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80-100mm with lots of spare backfocus?

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#1 peter k

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Posted 27 November 2022 - 08:09 PM

I've got a 2" filter drawer that works well on my C8 for comparing views with OIII, UHC and H-beta filters. I'd like to use it on a shorter focal length refractor to view larger nebulae, but it eats up about 50mm of optical path, so I can't reach focus with my AT102—even using a 1.25" Celestron prism diagonal. Does anyone know of an 80-100mm refractor, preferably around f/6-7, preferably ED that would give me sufficient backfocus? I guess it'd be possible with some Borg modular kit, but I want to keep it under $1k.



#2 wrvond

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Posted 27 November 2022 - 08:12 PM

I just got an AT80EDL - it's f/7 FL560mm and the focuser has 95mm of out focus. 



#3 peter k

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Posted 27 November 2022 - 08:28 PM

Thanks, Warren. My AT102ED also has over 90mm of focus travel. It's not how far out the focuser can travel—extension tubes can solve that if needed. I need to move the focuser further in than it goes on my scope. The terminology is confusing and maybe I'm not using it correctly.


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#4 Lentini

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Posted 27 November 2022 - 09:41 PM

Yes, my Borg 100ED with a shorter 80mm tube… Loads of in/out focus. But you’re right that all pieces and parts may go over $1k. The next size down is 77mm I think.



#5 gnowellsct

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Posted 27 November 2022 - 11:35 PM

My 92 mm has 175 mm back focus. But it's not under $1k not even close.

One of the reasons I had to get the 92 was that my lomo stellarview triplet Apo did not have enough back focus for me to do solar h alpha. So I sold it and got one that did.

One of the things that budget refractors teach you is their limitations. Back focus is one of them. When you find three or four things that your current scope can't do and that a higher tier telescope might be able to do then you can think about how to budget it.

Of course even the most expensive scopes have their limitations so there is no such thing as the unlimitedly capable telescope.

#6 betacygni

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Posted 28 November 2022 - 02:16 AM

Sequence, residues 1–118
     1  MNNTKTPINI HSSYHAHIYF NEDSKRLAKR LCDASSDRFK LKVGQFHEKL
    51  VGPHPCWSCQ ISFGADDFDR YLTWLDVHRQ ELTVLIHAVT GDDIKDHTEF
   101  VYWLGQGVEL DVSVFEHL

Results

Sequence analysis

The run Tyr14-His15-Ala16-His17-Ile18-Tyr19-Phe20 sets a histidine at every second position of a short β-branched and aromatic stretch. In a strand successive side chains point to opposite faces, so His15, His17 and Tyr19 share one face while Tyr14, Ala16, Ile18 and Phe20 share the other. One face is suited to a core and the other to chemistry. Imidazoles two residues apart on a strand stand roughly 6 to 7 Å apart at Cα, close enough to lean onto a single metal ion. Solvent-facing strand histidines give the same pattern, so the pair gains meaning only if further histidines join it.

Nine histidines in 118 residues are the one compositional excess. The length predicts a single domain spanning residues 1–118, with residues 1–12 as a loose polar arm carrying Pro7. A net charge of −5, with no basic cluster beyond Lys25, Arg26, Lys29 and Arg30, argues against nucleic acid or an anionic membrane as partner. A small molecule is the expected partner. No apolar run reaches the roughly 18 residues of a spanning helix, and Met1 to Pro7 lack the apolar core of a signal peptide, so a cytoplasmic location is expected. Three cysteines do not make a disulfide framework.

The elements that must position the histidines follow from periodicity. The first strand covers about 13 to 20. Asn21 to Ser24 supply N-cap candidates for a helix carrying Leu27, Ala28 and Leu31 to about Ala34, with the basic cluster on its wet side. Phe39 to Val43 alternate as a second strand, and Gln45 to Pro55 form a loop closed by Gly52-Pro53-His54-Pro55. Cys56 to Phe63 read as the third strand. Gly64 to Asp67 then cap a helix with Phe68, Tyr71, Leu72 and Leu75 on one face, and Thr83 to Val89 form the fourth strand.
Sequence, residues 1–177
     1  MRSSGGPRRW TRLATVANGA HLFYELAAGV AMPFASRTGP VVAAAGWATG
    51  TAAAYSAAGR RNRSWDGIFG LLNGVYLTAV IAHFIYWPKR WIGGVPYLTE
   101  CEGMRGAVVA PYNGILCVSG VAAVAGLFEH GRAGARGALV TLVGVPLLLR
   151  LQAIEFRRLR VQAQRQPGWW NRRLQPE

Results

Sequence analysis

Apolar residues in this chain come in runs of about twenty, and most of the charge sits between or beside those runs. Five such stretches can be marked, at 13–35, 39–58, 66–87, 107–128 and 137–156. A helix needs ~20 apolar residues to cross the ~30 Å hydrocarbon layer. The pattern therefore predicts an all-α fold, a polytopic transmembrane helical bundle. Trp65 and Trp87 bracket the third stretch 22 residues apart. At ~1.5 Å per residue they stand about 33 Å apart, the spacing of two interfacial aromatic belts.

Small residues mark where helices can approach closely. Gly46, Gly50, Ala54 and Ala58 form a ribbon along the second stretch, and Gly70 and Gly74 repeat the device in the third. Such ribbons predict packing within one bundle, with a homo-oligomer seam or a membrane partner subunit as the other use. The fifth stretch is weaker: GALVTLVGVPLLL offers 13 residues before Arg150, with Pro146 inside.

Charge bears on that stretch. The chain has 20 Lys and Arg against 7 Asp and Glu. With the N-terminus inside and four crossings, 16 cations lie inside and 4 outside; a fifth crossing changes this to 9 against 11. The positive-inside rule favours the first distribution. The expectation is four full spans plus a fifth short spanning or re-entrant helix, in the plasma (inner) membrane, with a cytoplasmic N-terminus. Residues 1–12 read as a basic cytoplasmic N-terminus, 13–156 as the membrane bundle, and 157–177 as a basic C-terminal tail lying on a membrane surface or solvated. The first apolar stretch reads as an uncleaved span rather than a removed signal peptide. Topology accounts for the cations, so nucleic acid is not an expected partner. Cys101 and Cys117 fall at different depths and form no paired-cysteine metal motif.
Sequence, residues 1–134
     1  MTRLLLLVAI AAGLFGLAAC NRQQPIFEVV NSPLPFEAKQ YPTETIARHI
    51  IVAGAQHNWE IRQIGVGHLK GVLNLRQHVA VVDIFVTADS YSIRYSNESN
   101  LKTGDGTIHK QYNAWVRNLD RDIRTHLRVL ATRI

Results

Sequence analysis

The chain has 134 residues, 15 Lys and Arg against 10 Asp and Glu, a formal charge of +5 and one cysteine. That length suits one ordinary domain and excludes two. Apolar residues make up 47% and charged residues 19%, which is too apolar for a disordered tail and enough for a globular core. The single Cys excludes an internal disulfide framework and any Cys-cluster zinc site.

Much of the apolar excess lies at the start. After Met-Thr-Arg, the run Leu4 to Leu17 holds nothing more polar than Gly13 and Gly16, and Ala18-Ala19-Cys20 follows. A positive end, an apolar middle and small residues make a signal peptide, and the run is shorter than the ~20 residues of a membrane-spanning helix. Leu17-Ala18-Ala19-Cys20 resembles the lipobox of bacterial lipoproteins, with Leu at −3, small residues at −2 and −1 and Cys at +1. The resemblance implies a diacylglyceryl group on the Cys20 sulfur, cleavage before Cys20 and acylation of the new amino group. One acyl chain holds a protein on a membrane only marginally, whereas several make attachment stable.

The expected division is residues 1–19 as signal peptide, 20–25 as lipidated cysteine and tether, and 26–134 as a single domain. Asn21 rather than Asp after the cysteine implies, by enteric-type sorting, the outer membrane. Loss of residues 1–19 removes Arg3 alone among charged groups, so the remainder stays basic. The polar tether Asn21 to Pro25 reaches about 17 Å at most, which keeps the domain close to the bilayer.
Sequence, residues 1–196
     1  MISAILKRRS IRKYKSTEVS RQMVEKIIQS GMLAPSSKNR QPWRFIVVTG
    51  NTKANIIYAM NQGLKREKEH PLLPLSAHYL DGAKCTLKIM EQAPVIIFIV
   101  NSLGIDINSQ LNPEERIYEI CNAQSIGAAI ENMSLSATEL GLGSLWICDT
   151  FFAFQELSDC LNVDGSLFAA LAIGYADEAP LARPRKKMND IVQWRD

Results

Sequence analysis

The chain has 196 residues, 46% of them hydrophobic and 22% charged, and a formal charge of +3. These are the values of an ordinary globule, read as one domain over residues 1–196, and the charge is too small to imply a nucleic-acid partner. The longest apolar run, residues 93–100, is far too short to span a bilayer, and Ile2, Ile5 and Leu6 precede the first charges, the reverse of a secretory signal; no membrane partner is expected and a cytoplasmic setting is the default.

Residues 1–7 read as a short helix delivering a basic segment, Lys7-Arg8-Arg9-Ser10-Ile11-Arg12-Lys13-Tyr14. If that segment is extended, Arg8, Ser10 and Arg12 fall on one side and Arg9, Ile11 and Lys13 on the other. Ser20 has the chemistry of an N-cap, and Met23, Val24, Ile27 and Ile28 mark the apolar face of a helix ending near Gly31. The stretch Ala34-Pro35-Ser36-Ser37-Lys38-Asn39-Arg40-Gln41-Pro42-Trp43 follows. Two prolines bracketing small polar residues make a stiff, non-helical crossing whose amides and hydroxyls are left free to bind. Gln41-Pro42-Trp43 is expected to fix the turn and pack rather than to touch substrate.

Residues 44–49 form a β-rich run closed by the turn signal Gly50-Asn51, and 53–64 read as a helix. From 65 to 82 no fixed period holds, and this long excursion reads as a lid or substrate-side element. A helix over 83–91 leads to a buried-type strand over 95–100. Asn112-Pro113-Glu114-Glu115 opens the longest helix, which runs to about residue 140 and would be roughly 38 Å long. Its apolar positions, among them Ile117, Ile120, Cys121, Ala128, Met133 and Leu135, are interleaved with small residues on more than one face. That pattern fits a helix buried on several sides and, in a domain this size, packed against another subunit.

Safest bet is to look for “binoviewer friendly” scopes. These should have plenty of back focus for your needs. Trouble is most are only available used. Stellarvue made quite a few models that were binoviewer friendly. Some models of the SV80ED and SV102 had a removable tube section. They don’t come up used often, but are good performers and would be 1k or less.

#7 peter k

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Posted 28 November 2022 - 07:04 PM

Thanks, all. APM carries a TS Photoline 80 that's supposed to have 140mm backfocus, which ought to be sufficient for my needs, but I've have to get it shipped from Europe, which would involve some expensive shipping—both ways if it turned out not to have the claimed BF.

 

Maybe just get out the old Hackzall...



#8 Nippon

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Posted 28 November 2022 - 07:28 PM

By back focus do you mean the focuser won't rack in far enough? Wish it were called in travel and out travel.



#9 peter k

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Posted 28 November 2022 - 08:17 PM

By back focus do you mean the focuser won't rack in far enough? Wish it were called in travel and out travel.

Yeah, that's what I'm talking about. The term refers to how far inside the objective's focal plane you can rack the focuser. Makes more sense from a photography perspective where you're trying to move the focal plane toward the back (where the sensor is) of the camera. At least that's how I think it goes—I'm strictly visual.


Edited by peter k, 28 November 2022 - 08:17 PM.

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#10 godelescher

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Posted 28 November 2022 - 08:35 PM

TS-Optics sells a bino-friendly 102ED, but it's f/11. It has a removable section of the tube.

 

Is you're focuser threaded on? If not, it's easy enough to cut down the tube and reattach the focuser yourself.

 

If it is threaded, most machine shops should be able to cut it and rethread it farily easily. I imagine it would cost a few hundred bucks to have it done + the cost of an extension for when you don't want to use the filter drawer, but still, a lot less than $1000 for a new scope


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